As seasons go, Ebbsfleet United’s 2007/08 can rank as a successful one. Their first appearance at Wembley resulted in a well-deserved victory over Torquay to take the FA Trophy. Liam Daish’s team also had another top-half finish and, in a strong league, kept in touch with the playoffs until close to the end of the season. And, of course, there was their take over by internet site MyFootballClub.co.uk – a site runs by football fans all contributing £35 a year for the privilege not only acting as owners, but picking everything from the team down to the kit design.
The takeover gave Ebbsfleet more column inches than any other non-league club this season and, if the coverage from their FA Trophy final was anything to go by, the silverware was a real victory for fan power. Except that’s not quite true. Yes, MyFC were the owners but the takeover didn’t go through until the end of January meaning any on-the-pitch benefits for the latter half of the season, bar a bit of extra cash available to strengthen in the last few days of the transfer window, were negligible.
Moreover there was no fan power on the pitch on Ebbsfleet’s big day. MyFC had wisely decided that since Daish had negotiated their path to the final, he was best qualified to pick the team for their Wembley appearance, a decision that was vindicated with the 1-0 victory. Nonetheless, by delaying the main selling point of MyFC, it’s led to repeated asking of one question: “What did I pay my £35 for?”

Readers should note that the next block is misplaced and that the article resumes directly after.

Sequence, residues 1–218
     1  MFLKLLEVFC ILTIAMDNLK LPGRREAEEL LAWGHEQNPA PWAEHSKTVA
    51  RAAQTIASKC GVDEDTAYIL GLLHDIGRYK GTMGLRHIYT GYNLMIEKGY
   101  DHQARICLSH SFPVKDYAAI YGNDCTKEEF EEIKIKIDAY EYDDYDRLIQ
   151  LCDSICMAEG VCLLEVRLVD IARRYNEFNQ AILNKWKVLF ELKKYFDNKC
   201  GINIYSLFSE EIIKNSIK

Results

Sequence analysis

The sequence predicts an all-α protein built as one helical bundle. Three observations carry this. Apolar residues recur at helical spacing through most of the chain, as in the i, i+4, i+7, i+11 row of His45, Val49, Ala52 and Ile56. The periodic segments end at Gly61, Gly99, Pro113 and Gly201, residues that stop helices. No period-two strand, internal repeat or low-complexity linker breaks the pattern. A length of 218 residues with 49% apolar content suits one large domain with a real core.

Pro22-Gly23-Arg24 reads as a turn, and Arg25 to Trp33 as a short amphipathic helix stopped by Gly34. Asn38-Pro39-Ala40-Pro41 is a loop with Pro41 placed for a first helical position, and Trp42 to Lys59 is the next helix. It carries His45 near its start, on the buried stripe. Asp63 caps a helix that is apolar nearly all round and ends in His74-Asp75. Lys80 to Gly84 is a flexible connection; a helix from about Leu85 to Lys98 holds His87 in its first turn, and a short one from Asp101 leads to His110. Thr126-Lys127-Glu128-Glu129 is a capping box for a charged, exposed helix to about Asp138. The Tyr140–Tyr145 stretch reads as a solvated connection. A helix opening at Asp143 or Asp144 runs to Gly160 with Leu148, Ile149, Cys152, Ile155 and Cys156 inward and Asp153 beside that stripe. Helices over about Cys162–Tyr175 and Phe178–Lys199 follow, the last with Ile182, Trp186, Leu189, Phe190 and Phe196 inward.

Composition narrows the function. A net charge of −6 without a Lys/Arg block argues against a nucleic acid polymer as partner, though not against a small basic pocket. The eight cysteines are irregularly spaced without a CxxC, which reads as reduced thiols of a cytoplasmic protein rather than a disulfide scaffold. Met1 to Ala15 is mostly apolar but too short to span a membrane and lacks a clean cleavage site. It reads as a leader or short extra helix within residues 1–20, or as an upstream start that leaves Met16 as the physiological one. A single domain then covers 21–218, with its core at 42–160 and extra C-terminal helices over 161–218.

One area where the fan power was seen in evident was in the seats at Wembley. Ebbsfleet supporters comfortably outnumbered and outsang Torquay and the passion for the team was evident. Indeed, a large proportion of MyFC’s 30,000 plus members had made the trip, along with many long-standing Fleet supporters who’d chosen not to sign up to the project.
But if Wembley created a feelgood factor around being a Ebbsfleet supporter/owner 2008/09 will be the season where MyFC’s ownership finally gets put to the test and questions will be asked of Will Brooks, the head honcho of the internet site. Fleet have potentially a strong squad and a good young manager and should, in theory, be challenging for a top five finish – and even if MyFC falters somewhat that still could be achievable. But, both for next season and the long-term future, there are several issues that need to be addressed: